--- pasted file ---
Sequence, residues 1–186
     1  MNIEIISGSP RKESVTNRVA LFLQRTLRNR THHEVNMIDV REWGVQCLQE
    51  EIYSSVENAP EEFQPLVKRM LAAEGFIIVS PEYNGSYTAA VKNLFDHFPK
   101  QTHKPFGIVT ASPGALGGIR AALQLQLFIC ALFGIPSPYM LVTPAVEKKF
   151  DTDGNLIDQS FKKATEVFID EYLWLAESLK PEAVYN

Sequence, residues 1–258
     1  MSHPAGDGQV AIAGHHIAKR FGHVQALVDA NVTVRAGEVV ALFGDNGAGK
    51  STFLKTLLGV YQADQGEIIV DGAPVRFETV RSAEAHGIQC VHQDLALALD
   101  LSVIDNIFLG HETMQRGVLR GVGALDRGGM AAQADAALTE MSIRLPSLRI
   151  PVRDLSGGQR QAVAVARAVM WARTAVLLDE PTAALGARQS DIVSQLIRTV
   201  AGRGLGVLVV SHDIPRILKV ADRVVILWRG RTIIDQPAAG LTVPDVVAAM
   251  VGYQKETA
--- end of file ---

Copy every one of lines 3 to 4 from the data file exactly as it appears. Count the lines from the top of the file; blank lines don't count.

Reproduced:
    51  EIYSSVENAP EEFQPLVKRM LAAEGFIIVS PEYNGSYTAA VKNLFDHFPK
   101  QTHKPFGIVT ASPGALGGIR AALQLQLFIC ALFGIPSPYM LVTPAVEKKF